Denmark’s Pensionskassen for Farmakonomer, the pension fund for pharmaceuticals experts, is the latest of the country’s smaller pension funds to reject the idea of merging with a big commercial provider. The fund insisted that increased regulatory demands for provisions — often cited as a reason the pensions sector will have to consolidate — are manageable for smaller pension funds.Susanne Engstrøm, chairman of the pension fund, said: “We agree that a regulatory inspection does put pressure on resources, but not more than can be managed even by small organisations.”She was responding to an invitation earlier this year from Henrik Heideby, the chairman of Denmark’s largest commercial pension fund PFA, calling for smaller pension funds to merge with it, the pension fund said. Engstrøm said members of the pension fund for pharmaceuticals experts received a very high pension in relation to their final salary and were generally very satisfied with it.“Our justification hangs on reasonable results and as long as they can be achieved, there is no reason to merge with one of the big players in the market,” she said.Last month, three other labour-market pension funds came out with a public statement rebuffing suggestions that they should merge with a large provider.Lægernes Pension, the fund for doctors; DIP, the fund for engineers; and the lawyers’ and economists’ pension fund JØP, said the current debate seemed being more about what different pension providers could get out of the consolidation than about what customers would get out of it.“Pensions are, in our opinion, much too important to become the object of a competition between different providers’ ambitions for expansion,” the funds said.They said allowing themselves to be taken over by a commercial company would be “an unusually bad business move for our customers.”The funds said that although regulatory changes meant increased calls on resources, this was a task they could and would handle.“We are focussing on earning money for our customers and members — and that is in fact going really well for all three pension funds, all of which deliver a high return,” they said.Over the last 20 years, the funds said they had outperformed average pension providers by 15%.JØP and DIP announced at the beginning of last year that they were merging their investment operations after the two departments had worked closely together for years.The move would ensure lower costs and improved investment knowledge, the funds said.At the end of 2013, the pension fund for pharmaceuticals experts had assets under management of DKK9.6bn (€1.3bn), while Lærernes Pension had DKK70.2bn, JØP had DKK61.8bn and DIP had DKK33.6bn. PFA, meanwhile, manages assets of DKK417bn.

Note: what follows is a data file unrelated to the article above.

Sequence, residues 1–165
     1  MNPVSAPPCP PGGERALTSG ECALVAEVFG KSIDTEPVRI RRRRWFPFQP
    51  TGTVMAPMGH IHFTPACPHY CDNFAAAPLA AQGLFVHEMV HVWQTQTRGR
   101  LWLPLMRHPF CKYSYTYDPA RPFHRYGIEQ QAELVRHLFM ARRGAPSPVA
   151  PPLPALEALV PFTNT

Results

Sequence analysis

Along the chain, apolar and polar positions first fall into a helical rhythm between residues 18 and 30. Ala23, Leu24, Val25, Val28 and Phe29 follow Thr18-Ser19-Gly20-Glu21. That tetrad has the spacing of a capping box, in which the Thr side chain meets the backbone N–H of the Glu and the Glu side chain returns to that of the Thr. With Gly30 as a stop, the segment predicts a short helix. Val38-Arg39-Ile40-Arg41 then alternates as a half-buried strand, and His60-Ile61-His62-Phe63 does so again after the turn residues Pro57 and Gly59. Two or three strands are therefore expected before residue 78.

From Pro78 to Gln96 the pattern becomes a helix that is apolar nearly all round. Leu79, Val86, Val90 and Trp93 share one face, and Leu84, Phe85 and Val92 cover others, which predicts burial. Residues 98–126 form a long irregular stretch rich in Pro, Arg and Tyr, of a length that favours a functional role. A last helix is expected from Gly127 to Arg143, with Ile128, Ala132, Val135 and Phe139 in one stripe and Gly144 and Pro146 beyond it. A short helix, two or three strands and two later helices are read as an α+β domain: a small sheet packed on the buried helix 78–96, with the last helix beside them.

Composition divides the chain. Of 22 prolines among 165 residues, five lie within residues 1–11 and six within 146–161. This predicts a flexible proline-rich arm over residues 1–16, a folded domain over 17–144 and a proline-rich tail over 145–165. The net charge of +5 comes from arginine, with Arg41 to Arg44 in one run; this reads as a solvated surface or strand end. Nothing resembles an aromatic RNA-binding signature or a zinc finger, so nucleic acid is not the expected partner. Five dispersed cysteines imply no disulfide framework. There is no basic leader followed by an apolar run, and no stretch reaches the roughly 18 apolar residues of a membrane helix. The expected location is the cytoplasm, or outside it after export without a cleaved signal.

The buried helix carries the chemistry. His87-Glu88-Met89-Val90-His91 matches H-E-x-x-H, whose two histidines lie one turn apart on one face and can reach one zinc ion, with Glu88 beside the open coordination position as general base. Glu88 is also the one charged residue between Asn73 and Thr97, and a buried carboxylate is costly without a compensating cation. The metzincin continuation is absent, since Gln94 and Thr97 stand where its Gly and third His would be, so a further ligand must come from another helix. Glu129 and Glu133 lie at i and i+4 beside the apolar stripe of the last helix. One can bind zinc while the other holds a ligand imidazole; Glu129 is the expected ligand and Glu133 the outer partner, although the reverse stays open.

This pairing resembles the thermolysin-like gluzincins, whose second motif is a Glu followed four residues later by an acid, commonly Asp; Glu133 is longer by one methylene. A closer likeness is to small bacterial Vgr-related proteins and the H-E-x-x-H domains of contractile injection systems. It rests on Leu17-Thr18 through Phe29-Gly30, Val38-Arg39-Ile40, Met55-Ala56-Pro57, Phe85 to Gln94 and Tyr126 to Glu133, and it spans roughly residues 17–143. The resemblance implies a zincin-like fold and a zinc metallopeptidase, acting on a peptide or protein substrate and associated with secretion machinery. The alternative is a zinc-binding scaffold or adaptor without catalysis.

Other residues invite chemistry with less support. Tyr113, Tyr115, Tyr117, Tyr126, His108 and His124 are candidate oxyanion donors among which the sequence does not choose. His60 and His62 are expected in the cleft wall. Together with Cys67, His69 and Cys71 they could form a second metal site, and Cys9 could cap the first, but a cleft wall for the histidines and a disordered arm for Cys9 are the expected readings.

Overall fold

No indicative minimum amount has yet been set for the two standby bond mandates, the pension fund said.The objective of the Asia-Pacific SRI equities mandates is to outperform the MSCI AC Asia Pacific index over the long term, while the euro-denominated SRI bonds mandates will follow a buy-and-hold investment style to maximise yields at the time of purchase and minimise default risk.The mandates will be for five years initially, and ERAFP will have the option to extend them by three successive periods of one year each, the fund said.Tender documents are available on www.achat.com. France’s ERAFP has launched tenders for three Asia-Pacific SRI equity managers and five euro-denominated SRI bond managers, investing an initial €2.9bn, as it renews maturing mandates and widens its investment universe.The €16bn public service pension scheme said it was launching a restricted call for tenders in two lots, for the award of eight investment management mandates.The initial investment in the Asia-Pacific SRI equities mandates would be around €400m, split between two managers, with the third manager having a standby mandate, ERAFP said.The euro-denominated SRI bonds mandates would have an initial investment of about €2.5bn, divided among three managers with a minimum of €400m per active mandate, it said.
Jonathan Hill has dismissed suggestions the UK’s departure from the European Union will bring about a material change in the Capital Markets Union (CMU) and urged his successor to champion the project, a cornerstone of Jean-Claude Juncker’s presidency.Hill, who resigned as European commissioner for financial stability in the wake of last month’s UK referendum on EU membership, rejected the notion the CMU would shift to focus on introducing a single European financial regulator under the stewardship of Valdis Dombrovskis, commission vice-president responsible for the euro.“I know some people have been wondering whether my leaving will mean a change of direction for CMU,” he said while addressing the European Parliament on 13 July.Hill rejected suggestions his departure would see Dombrovskis introduce a single financial regulator, if for no other reason than member states did not currently support such a reform, or that the UK’s departure would see the CMU project become more “ambitious”. “There is nothing ambitious about driving full-speed into a brick wall of political opposition,” he said.Hill added said that the reason for introducing the CMU had not changed in light of the UK’s decision to leave the EU and that, if anything, the case for reform had been strengthened by the country’s eventual departure.The remarks echo earlier ones, when he said London’s imminent departure from the EU made the CMU’s launch “more urgent”.Hill concluded his speech, likely his last to Parliament ahead of his resignation taking effect on 15 July, on a realistic note: “Building a Capital Markets Union was never going to be easy. I was never under any illusions about that.“But today my message to people would be to stick with it, to keep hammering away at the barriers to free movement of capital for the years ahead.”The Dutch Pensions Federation has lamented Hill’s departure, with its director saying it was likely to be a setback for the pensions industry.On the day of the UK’s referendum, Hill told the PensionsEurope conference he was aware of the industry’s concerns around central clearing, and that the possibility of a permanent exemption would be examined as part of a review of the second European Market Infrastructure Regulation (EMIR II).The UK government has nominated Julian King, an experienced diplomat and former chief of staff to Hill’s predecessor Catherine Ashton, as its next commissioner.